She'd certainly tried, Bree recalled. It had been a hard lesson to learn after their mother had taken off for New York, fed up with their father's endless round of business trips and his neglect of their family. Gram had been the glue that held the rest of them together. She'd been the one who'd tried to nudge them into making peace with Megan on her visits home, encouraged them to keep an open mind toward their mother. Not that any of them had. They were young and unforgiving, and the complexities of their parents' relationship had eluded them.

Lately, Bree had noticed that her father was making more of an effort to connect with all of them. Mick had shelved an entire project in California to be home for the opening of the inn, though he'd taken off again soon afterward. Even their mother had come back for Jess's big day, which had created its own problems, but Bree had to admit it had been nice to have everyone—at least everyone except her brother Kevin around for a few days. Kevin's tour in Iraq had kept him from being home for the festivities.

Those few days had reminded Bree of the kind of family harmony they'd had years ago, before Mick's acclaim as an urban architect and developer had taken him all over the world. It was exactly that kind of camaraderie that Bree had needed most when she'd left Chicago.

She could have told any family member about what had happened, and they would have done anything necessary to try to bolster her spirits. She knew that. She also knew she wasn't quite ready for the pity none of them would be able to hide or the sound, pragmatic suggestions Mick or Abby might have offered.

It would be better, she thought, to suck it up, make her own decisions and then get on with her life, not wallow in self-pity or dump all of her problems on her sisters, Gram or anyone else. What she needed, as always, was the peace and quiet to find her own way.

"Maybe I'll call Jess or Abby later," Bree hedged eventually. "Why don't I go inside and fix us some lunch. We can eat out here or even on the beach." She was suddenly overcome by a wave of nostalgia. "Remember when you used to make picnics for us when we were kids? We'd spread a blanket on the sand and spend the whole afternoon along the shore."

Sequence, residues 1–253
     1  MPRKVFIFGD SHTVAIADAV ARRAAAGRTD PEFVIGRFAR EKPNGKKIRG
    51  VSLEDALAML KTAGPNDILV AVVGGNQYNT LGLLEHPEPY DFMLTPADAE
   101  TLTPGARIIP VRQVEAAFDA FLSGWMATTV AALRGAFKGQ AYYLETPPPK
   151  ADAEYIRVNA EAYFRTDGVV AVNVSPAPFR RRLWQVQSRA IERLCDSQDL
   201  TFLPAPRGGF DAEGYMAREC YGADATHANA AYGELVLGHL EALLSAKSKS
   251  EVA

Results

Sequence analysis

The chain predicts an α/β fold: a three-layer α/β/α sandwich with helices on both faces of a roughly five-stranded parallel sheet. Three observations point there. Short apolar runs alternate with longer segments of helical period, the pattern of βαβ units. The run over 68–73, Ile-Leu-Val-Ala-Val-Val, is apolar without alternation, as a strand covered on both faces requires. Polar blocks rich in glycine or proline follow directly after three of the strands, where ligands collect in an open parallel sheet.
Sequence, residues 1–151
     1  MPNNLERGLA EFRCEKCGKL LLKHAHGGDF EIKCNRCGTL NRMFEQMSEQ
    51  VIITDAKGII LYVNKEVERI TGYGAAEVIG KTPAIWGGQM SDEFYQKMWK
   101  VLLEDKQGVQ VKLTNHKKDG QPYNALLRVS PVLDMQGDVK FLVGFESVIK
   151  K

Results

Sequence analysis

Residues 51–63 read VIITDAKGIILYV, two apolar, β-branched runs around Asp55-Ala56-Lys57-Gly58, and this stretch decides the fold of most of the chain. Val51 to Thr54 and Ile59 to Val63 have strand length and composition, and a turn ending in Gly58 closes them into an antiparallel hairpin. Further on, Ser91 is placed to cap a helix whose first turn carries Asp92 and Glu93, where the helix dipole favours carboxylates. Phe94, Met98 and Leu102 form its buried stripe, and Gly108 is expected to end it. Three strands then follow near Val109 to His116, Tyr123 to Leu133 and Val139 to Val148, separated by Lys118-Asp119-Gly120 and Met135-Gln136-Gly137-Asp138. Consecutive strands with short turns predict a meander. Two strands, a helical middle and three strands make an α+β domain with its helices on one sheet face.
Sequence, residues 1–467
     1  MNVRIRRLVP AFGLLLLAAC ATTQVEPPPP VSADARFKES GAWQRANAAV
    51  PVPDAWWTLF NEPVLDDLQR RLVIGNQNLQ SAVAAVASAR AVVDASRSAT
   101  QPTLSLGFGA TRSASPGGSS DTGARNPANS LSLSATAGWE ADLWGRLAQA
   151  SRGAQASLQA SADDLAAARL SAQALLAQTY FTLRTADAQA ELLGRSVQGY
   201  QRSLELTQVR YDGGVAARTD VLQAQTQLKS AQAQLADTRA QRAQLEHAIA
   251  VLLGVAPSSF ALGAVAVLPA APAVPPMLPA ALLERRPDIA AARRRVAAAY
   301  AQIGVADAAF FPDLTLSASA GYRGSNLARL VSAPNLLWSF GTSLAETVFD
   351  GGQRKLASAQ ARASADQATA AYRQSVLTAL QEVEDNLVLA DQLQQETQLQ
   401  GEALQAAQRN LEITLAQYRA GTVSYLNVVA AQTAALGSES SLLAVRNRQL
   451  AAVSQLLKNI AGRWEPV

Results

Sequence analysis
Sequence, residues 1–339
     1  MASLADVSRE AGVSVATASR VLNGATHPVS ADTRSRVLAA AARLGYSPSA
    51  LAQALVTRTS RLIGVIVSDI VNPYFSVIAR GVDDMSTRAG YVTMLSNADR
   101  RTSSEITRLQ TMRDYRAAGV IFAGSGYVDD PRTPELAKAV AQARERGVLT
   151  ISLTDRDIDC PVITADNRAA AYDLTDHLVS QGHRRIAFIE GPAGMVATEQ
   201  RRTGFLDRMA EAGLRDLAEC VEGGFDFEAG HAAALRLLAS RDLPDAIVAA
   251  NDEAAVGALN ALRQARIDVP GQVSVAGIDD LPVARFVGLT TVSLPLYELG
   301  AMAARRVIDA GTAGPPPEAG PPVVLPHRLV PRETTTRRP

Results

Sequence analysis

Gram regarded her with amusement. "Do I need to remind you that you were the first one to complain about the sand getting in your food and the sun being too hot?"

Bree laughed. "I guess I'd forgotten that part. Okay, we can eat on the porch. There's no sand on the porch, and there is a lovely breeze."

"Actually, I can't today," Gram said, a note of apology in her voice. "I have a meeting at the church." She studied Bree worriedly, then added, "But I can cancel if you'd rather I stay here so we can talk some more."

Bree wasn't ready to bare her soul. "No, go. I'll be fine. Maybe I'll walk into town, do a little shopping and then have lunch at the café."

Gram nodded. "If you decide to do that, give my best to Sally and bring home one of those raspberry croissants of hers. I'll have it for breakfast tomorrow."

Bree feigned shock. "You're actually going to eat someone else's baking? Or are you trying to figure out her recipe so you can make them yourself?"

"When someone has a knack for something, I'm perfectly content to leave them to it. Sally's croissants melt in your mouth. Why try to improve on that?"

"I think I'll tell her you said that," Bree teased. "It'll please her to know that the greatest baker in Chesapeake Shores admires her croissants."

Gram drew herself up indignantly. "It's nothing I haven't told her myself, young lady. I'm not beyond giving credit where it's due. Now go along with you. Try to come back with a smile on your face. It troubles me to see you looking so lost."

Bree knew that Gram was attuned to her moods, but she hadn't expected her to hit on such an apt description. She was lost. Having one person who could read her and was always willing to lend an ear, offer advice or whatever else she needed brought unexpected tears to her eyes. If she wasn't careful, she'd start bawling right here and now, and Gram would stay put and pry the whole pitiful story out of her.

Instead, she forced a smile. "I'm just sorting through a few things. It's nothing for you to worry about."

The words were as much for herself as for her grandmother. It would be too easy to let herself wallow in that feeling of love and acceptance, to wrap herself in it and forget all about her dreams. Chesapeake Shores would be the perfect safe haven.

Then again, maybe it was time to take a really hard look at those dreams and see if they still fit, after all. Bree had the O'Brien streak of stubbornness in spades, but maybe there was no shame in letting go for once. Moving on. Making new dreams.

If only she had even a vague idea of what those new dreams might be.

Mick O'Brien stood on a street corner in New York City with his cell phone in hand, trying to work up the courage to make a call to a woman he'd known most of his adult life. Megan was his ex-wife, for heaven's sake! Dialing her number shouldn't be harder than facing down an entire planning and zoning commission dead set on vetoing one of his developments. Yet he'd done that numerous times without batting an eye, while just the prospect of making this call had his palms sweating.